Pioneers of conceptual architecture

Florentine avant-garde architecture collective Superstudio was at the heart of the architectural and design avant garde in the 1970s. A lot of the work, because they weren’t in a position to build, was presented through photo-collages, films and exhibitions, questioning architecture’s ability to change the world for the better and the faith in technology.

“Twelve Ideal Cities”, originally published in AD magazine, features 12 creepy dystopic fantasies of urban planning gone haywire.


Among them, “City of Hemispheres” (picture on the left) imagines a crystal lake hosting more than ten million sarcophagi, the occupants kept alive by technology and granted control over the flying hemispheres, through which they are fed sensory stimuli.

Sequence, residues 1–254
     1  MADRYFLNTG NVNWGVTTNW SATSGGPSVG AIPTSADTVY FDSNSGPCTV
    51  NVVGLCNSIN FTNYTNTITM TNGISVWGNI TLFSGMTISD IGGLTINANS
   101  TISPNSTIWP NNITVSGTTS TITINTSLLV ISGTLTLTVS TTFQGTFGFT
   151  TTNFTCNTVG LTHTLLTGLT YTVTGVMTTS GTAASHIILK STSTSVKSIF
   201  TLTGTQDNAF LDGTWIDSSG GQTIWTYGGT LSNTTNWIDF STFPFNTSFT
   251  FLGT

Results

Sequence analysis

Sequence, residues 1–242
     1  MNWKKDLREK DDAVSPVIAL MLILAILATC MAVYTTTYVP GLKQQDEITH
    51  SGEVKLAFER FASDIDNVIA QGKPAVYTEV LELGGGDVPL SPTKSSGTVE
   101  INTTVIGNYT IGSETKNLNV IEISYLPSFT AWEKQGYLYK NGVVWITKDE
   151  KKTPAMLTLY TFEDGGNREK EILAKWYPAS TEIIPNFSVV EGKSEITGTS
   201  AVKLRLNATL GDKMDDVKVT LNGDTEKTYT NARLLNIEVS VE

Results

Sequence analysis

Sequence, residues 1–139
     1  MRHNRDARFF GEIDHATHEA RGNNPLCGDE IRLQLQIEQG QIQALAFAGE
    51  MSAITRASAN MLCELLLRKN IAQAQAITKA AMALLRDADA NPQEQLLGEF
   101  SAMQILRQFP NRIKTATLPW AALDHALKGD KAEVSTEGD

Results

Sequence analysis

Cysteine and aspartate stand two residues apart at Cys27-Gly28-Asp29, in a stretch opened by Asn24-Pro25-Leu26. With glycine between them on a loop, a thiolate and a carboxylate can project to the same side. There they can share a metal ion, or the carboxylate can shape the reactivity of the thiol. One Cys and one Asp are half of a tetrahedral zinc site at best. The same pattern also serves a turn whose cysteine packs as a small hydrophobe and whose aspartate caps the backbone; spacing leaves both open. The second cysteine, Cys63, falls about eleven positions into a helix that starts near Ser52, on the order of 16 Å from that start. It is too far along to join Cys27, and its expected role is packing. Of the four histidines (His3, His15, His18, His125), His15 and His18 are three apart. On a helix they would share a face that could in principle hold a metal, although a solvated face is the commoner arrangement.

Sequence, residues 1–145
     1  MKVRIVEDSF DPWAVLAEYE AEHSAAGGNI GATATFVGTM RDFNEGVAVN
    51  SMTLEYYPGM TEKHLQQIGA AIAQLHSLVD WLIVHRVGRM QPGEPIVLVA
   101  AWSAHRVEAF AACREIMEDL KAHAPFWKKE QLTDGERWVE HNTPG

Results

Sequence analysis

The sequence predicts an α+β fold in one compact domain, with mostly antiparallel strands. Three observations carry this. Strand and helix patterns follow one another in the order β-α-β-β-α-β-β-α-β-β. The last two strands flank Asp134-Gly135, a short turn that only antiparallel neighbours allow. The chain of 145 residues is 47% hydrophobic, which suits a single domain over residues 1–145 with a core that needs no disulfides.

But more influential than any individual project, was the idea that an architectural practice could be conceptual and theoretical, concerned with cultural criticism rather than the production of buildings.

“And that influenced the way just about every young practice goes today,” explain William Menking. “I mean some start by doing boutiques and these kind of things, but a lot of them enter competitions and do theoretical projects they know are never going to get built, that they want to get published somewhere. So that strategy of critique early in your career is what they learned from these guys.”

In 1978, the studio was disbanded, and its members became noted academics and architects.

Superstudio’s iconic Quaderna table is still in production by Zanotta. It was part of their campaign of “Anti-Design”, meant as a striking contrast to pop design, with all its curvy, colourful forms.

Via Metropolismag. Further information in DesignMuseum.

I was about to write a post about Diane Bromberg’s lilliputian crochet skulls but I saw the titles of today’s Google ads. Yes, yes I’m aware it sounds silly-greedy, especially since we are not making lots of $ from the ads. But I’ll be back with some more very low-tech later.